If the manufacturers thought customers actually cared about the still photo quality of a webcam, they'd fill their web sites with samples, and provide clear specs to convince people to buy theirs instead of someone else's. Instead, they bury the details and quote phony interpolated megapixels, which means the marketing department is just painting racing stripes on a Geo Metro. I don't see this changing; if the high-end ones are going to 5MP, it's so they can do digital pan and zoom of video, not high-quality stills. Cellphone camera sensors are more likely to become useful for book-scanning, since people actually use them for stills.CCDeye wrote:Actually I only need true 2 MP photos for my needs. I can't believe, there's no web cam that can deliver this.
This sounds painful. Any film lens will have more than enough coverage for the sensor, but the focal length would have to be pretty short to be useful (~14mm, assuming a 1/3.2" sensor), and you'd need very precise positioning to get it to focus properly. Adding a close-up lens to a webcam would be a lot easier; if the problem is actually focus, a magnifying glass or old pair of reading glasses will tell you if the sensor can actually take a decent close-up still. More likely, the sensor is too noisy and low-contrast to deliver what you want.Well, I can try to disassemble an old photo camera(not even digital) and put the web camera sensor where the tape is, behind the lens. Then focus manually etc.I don't know if the sensor matrix size of the web camera is too small for the objective to project cover the entire picture.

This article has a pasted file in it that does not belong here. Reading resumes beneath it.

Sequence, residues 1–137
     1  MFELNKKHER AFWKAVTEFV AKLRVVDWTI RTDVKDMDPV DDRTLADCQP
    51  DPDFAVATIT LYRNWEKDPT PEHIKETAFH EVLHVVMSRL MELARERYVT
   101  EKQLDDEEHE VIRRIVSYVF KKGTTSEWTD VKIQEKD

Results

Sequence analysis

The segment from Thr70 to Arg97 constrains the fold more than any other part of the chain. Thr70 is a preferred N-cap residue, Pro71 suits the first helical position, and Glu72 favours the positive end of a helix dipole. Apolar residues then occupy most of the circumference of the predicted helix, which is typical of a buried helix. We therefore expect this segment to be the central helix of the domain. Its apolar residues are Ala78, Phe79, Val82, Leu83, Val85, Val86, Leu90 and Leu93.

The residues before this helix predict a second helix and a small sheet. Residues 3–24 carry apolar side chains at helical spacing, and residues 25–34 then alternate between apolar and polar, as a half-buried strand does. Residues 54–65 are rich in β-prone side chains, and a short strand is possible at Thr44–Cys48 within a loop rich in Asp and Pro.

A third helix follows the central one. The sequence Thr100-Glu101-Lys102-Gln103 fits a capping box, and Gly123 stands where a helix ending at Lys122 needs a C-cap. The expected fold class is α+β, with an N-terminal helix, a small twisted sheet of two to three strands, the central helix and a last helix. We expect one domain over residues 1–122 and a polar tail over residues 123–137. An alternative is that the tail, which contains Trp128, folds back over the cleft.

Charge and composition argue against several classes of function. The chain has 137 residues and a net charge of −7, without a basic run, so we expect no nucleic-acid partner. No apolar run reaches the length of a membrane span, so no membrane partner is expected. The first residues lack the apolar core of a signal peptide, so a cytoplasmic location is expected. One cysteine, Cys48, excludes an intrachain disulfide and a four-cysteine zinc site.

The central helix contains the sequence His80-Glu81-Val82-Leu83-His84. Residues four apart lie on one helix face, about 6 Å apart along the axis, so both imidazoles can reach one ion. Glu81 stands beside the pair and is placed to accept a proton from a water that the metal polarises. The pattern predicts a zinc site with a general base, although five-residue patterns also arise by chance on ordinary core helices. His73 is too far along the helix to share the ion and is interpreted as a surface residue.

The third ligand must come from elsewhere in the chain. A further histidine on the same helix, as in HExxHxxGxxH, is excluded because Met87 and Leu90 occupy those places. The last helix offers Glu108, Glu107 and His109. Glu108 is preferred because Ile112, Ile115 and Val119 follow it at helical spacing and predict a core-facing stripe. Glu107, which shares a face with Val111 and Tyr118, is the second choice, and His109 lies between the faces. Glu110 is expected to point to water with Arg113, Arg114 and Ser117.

Handwaving the numbers suggests that a +3 diopter close-up lens should bring the focus point in enough to fill the frame with a book. (that is, given a webcam with sensor width W and focal length F1 (both in millimeters) focused at infinity, adding a closeup lens with diopter D gives F2 = 1000/(1000/F1 + D), M = F2/(F1-F2), for an in-focus object size of W * M; the closer the original lens focuses, the less diopters you'll need to add)